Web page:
And then there was Kurwenal.

Item 4. Kurwenal was a Dachshund trained by Baroness von Frey Loringhaven. Max Muller met Kurwenal and wrote, 'This dachshund is more in the sphere of humans than animals. The dog shows what a wrong attitude we have toward educated dogs, how much animals understand us, and how very little we understand them.' Shortly before Kurwenal died in 1937 he was asked what he thought about death. "I am not afraid of it," he replied, "dogs have souls and they are like the souls of men."

Item 5. In Pittsburgh, Pennsylvania, a dog appeared to two policemen on a fine June morning in 1912, said, 'Good Morning,' and vanished in a puff of green smoke. The event was duly recorded in the New York Sun of that year.

The universe that surrounds us is vibrating with conscious waves.


Now that I've cleared up that issue let's continue. Our homestead was located thirty-five miles from the nearest town in an area of West Virginia famous for flying saucer sightings. Living with me were my wife Charlotte and our two children, four horses, a mule, three goats, two cows, fourteen hens, eight peacocks, a pet crow, a tom cat Ezra and a female hound who went by the improbable name of Pansy.

Pansy was a canine femme fatal, if there ever was one. You couldn't take a walk with her without running in to some stray male dog panting away behind a bush or crawling through the grass on his belly. When Pansy came in heat she had to be locked in an over sized dog house. And once when her romantic period coincided with an August full moon, a big male hound came courting and gnawed his way through the two inch thick wooden door.

Real love...yeah! And when they were through I brought that stud a big plate of lard and fresh corn bread and sat down to watch him eat.

It was then I noticed by a tag which hung from his collar that he belonged to an elderly couple who had recently moved to a property about twenty miles away. On the tag was inscribed, 'My name is Julius D Nibble. I live at Moon Fire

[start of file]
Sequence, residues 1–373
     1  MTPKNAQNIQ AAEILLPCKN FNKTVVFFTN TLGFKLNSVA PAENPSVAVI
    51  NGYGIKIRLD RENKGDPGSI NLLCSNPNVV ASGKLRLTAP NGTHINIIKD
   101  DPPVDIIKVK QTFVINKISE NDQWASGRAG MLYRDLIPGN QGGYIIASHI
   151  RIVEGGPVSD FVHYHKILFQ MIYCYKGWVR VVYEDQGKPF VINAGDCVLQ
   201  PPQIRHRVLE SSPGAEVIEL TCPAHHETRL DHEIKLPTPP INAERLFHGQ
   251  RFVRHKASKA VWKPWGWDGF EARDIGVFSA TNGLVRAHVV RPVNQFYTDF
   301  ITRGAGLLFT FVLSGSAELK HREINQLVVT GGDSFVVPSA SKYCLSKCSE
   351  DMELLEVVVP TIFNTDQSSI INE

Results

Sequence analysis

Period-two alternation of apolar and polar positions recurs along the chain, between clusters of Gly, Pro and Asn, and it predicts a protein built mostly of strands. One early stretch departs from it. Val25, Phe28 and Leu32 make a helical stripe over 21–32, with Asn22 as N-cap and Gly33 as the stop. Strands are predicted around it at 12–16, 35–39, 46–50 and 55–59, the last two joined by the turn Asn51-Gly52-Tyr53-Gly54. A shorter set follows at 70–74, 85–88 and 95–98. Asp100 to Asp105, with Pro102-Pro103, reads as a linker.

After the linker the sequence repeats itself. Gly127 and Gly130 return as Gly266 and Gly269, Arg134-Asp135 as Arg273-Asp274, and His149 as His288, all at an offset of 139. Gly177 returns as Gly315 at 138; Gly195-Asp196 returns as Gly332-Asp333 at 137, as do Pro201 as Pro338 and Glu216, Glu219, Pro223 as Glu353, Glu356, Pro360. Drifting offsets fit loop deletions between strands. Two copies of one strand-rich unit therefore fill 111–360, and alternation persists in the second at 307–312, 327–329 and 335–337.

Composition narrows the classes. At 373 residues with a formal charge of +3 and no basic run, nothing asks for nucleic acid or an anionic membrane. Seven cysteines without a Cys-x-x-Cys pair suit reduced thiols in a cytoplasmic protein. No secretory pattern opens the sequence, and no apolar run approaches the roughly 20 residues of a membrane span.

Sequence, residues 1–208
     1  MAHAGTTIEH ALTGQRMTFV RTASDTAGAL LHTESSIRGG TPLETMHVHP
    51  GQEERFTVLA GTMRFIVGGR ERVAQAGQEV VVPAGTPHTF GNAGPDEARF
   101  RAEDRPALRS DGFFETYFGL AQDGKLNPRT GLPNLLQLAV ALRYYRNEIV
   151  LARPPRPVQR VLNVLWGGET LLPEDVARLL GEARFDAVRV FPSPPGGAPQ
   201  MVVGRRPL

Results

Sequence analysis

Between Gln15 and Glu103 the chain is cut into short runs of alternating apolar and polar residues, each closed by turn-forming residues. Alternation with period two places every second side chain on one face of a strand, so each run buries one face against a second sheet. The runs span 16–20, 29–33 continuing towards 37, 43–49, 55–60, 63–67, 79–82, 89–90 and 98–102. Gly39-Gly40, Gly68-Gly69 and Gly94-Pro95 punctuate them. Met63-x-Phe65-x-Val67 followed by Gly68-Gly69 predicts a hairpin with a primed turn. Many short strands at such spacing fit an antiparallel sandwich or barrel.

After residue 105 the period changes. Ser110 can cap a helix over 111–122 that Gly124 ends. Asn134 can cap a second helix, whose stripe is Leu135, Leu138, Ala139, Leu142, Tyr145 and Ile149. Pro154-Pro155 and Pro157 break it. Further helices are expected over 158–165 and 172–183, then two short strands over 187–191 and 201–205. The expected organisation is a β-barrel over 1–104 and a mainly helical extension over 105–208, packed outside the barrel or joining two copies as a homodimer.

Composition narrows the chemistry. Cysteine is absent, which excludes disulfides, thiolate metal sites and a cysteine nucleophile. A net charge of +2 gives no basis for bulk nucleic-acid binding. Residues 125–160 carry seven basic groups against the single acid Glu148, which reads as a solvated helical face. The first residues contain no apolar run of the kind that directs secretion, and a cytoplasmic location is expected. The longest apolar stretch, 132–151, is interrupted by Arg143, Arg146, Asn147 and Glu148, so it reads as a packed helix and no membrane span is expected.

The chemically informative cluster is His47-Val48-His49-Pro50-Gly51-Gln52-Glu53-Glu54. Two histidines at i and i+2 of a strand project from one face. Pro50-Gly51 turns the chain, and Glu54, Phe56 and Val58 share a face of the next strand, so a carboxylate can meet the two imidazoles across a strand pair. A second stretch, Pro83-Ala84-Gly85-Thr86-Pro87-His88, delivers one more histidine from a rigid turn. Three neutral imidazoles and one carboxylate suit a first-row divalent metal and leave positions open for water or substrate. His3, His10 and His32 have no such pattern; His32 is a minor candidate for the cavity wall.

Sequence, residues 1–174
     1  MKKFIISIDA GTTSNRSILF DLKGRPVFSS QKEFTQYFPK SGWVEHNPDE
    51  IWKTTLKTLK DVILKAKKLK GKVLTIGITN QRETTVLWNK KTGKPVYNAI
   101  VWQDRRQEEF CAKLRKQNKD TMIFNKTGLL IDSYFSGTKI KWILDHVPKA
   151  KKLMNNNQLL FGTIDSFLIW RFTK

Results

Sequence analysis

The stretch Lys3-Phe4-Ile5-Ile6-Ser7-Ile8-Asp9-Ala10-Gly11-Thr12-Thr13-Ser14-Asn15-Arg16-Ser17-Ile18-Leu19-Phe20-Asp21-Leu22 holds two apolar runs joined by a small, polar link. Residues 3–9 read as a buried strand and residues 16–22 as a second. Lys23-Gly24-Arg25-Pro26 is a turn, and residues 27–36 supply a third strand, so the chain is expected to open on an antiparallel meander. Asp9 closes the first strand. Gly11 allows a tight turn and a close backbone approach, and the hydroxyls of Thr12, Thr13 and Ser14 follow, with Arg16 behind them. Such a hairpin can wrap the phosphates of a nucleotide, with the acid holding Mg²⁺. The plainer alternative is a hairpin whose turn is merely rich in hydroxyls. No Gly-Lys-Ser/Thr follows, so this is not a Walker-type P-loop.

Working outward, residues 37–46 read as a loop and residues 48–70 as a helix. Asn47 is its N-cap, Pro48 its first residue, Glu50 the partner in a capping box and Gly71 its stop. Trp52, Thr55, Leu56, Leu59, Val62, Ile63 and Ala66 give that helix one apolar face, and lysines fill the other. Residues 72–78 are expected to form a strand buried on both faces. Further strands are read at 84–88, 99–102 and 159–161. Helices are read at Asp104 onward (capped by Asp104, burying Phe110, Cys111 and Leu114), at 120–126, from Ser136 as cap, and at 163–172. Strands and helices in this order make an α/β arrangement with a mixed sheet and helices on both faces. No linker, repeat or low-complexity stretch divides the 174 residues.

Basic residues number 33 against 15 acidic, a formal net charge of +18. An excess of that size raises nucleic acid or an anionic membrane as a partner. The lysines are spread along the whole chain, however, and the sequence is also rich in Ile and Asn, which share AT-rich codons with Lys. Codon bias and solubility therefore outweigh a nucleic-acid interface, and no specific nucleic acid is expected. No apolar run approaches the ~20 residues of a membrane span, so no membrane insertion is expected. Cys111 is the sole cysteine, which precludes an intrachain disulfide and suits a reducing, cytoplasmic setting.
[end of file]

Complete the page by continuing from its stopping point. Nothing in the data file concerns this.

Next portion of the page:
Creek Farm, please call 756 -8153.'

'Well, Nibble old boy,' I said, 'I guess you must be pretty tired after all that

action and now you seem to be lost. Better let me drive you home.'

"Not me, I can make it home, don't worry." Came a deep but polite voice just as clear as you can hear me now. I was so surprised I almost jumped out of my skin. 'I can see you hear me,' the voice went on unperturbed, 'don't be afraid.'

'I can hear you alright but where the hell are you?' I replied.

"I'm afraid I'm the dog," replied the voice apologetically, "My name is Julius D. Nibble. I've tried communicating with a number of humans, but you're the first one who's been able to receive me."

Now you may not be surprised to hear it, but life in the mountains of West Virginia can get monotonous. Winters can be long. For days the fog can hang in hammocks between the mountains and all there is, is the drip, drip, drip from the eaves of your house, the constant roar of the creeks in spate plunging away into the valley, the whirring of quail in the underbrush, the occasional murmur of Evening Grosbeaks huddled in the jack pines.

So you can well imagine how excited I was at discovering this amazing creature. A talking dog! Perhaps he wasn't a dog at all, I began to feel, but some extra terrestrial. Soon after, however. he began coming around regularly and became great friends with Charlotte and children, but I made it clear to him from the very beginning that he was not to talk to my family and that any conversations between us would be carried on in the barn when we were alone.

"What do you think of my story so far?" Nibble asked a few days later folding one big paw over the other.

Well,' I said, more struck by his distinguished demeanor than by his tales, 'I can't exactly say.

"You think Irving Allen did right in destroying his invention?" Nibble persisted.

Oh, of course, I replied, trying to sound sympathetic, 'and he must have done a very good job for I've never seen one.

"Just hope you never will," Nibble sighed, his nose cautiously twitching.

But is that the end of it? I asked, this Irving Allen character, wasn't he getting on a plane? Or sitting at the Yale Club?